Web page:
Greetings and welcome to the second
issue of ZooNews. Last month's inaugural issue received
a plethora of positive feedback. Thank you to all who took
the time to write and let me know what you thought.
CMS. This techno-acronym stands
for content-management system. A CMS gives Web site owners
or administrators the ability to update their Web site content
by adding, removing, and editing text and sometimes images in designated portions
of their site. The main advantage of a CMS is that it keeps the site's design
and content separate, so that site owners don't risk damaging their site's
layout (aka "breaking the site") when they just want add some new
text, photos or artwork. Most CMS's are Web-based, so that changes can be made
through any Web browser. A blog (last month's GeekSpeak word of the month)
is one type of CMS.
In the next section, I'll discuss an example of how a CMS
can be seamlessly integrated into a Web site and what other
benefits it brings.
Got a piece of lingo you'd like demystified? Submit it to email@example.com and
we'll try to answer it in an upcoming issue.
Riley – We
recently added some new elements to the site I designed and
built for writer and search-engine optimization specialist
Charlotte Riley. Charlotte said, "I spoke to Kathryn
about my needs and she suggested a content management system
(CMS). It would allow me to update my site in three new sections:
Arts & Life.
It also fulfilled another need – to have a system that
is not too technically demanding. With its simple interface,
it's easy to use, and I can add new content, edit existing
text, and incorporate photographs and images effortlessly,
through my Web browser. Lastly, because it was very important
for me to keep the overall look and feel of the site, I was
glad to find out that the system could be visually integrated,
and would not stand out as 'different' from the rest of the
Charlotte is particularly pleased that the CMS allows her
to easily share success stories with clients, which is "so
vital for creating credibility and trust." She explains
that the new sections also provide important 'sticky' content,
aimed at getting people to return often to read interesting
tidbits and factoids, written in Charlotte's fun and quirky
"The new sections are a hit, not only with me but,
more importantly, with my site visitors. The CMS allows me
to keep the content fresh and interesting. An added bonus
is that search engines like sites with fresh content, and
are likely to crawl my site more frequently now," Charlotte
Never let the bad guys see it naked! So
you've launched your Web site and things are going well.
Until the spam starts to arrive, and quickly overwhelms your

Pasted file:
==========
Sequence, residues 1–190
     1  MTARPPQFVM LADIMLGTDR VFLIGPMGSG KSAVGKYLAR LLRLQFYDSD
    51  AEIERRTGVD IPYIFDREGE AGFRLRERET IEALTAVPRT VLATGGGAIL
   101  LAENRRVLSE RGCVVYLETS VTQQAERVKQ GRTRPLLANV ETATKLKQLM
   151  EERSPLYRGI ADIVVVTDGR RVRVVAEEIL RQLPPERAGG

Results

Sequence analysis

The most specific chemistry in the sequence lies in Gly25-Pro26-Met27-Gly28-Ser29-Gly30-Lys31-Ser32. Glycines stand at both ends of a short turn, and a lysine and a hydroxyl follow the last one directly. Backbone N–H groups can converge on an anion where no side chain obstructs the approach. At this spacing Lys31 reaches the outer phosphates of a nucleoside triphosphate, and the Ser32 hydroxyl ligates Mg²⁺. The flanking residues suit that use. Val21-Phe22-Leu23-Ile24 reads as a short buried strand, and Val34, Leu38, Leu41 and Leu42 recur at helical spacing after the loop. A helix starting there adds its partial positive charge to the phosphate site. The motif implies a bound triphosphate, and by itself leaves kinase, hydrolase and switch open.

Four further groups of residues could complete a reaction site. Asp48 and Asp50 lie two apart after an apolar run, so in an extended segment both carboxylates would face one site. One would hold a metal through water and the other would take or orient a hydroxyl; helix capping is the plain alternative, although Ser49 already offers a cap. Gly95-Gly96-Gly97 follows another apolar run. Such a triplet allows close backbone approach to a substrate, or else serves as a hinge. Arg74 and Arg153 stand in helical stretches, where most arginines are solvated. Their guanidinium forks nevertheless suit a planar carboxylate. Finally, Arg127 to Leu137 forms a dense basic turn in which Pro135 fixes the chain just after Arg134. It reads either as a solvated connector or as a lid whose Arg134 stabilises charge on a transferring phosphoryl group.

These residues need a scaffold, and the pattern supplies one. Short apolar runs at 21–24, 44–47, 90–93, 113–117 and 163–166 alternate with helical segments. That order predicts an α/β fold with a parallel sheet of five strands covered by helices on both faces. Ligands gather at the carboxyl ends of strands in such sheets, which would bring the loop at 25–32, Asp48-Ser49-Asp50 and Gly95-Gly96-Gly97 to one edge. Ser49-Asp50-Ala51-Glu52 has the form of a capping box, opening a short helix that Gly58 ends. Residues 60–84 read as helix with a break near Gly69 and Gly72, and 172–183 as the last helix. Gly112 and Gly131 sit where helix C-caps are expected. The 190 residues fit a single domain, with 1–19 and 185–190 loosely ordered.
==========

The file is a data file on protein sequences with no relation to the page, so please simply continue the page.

inbox. What's happening?
- Did you leave your email addresses naked on your Web
site? Spammers use automated programs to collect unprotected
email address throughout the Web. Encoding addresses so
they aren't recognizable as email addresses to the spam
harvesters is one way of protecting you from this hazard;
a simple encoder I often use.
- Avoid commonly used email addresses like firstname.lastname@example.org and
those wily spammers know they are widely used, and send
out spam to those addresses at every domain in existence.
Use something less easy to guess instead.
- Domain registration records are very public – and
again, a target of those relentless spammers. Never use
an important email address (i.e. one you'd like to keep)
when registering a domain – instead set up an email
alias (an address that forwards mail to another account)
that you can simply change should it start to get a lot
of spam. You may also opt for a private domain registration,
which costs a bit extra.
- If you post messages on any message board, mailing list
or newsgroup, be aware that you may be subject to spam.
Always safest to use an alias, as suggested above. When
the spam starts to come in addressed to a particular alias,
you'll know where the address was harvested from and you
can change it. If you don't have your own domain name and
can't set up aliases, you can use free email accounts (Yahoo,
Gmail, Hotmail) in the same fashion.
Just when you think electronic gadgets have taken over
the world, an anti-technology movement has emerged among
the ranks of the young and the technologically fed-up. The
PDA is a low-tech, back-to-basics approach to organizing one's
life and work – using nothing but a bunch of 3" X
5" index cards and a binder clip. You know times have
changed when what was once considered Luddite and passé becomes
more trendy than its electronic counterpart.
À la prochaine,
aka Kathryn Presner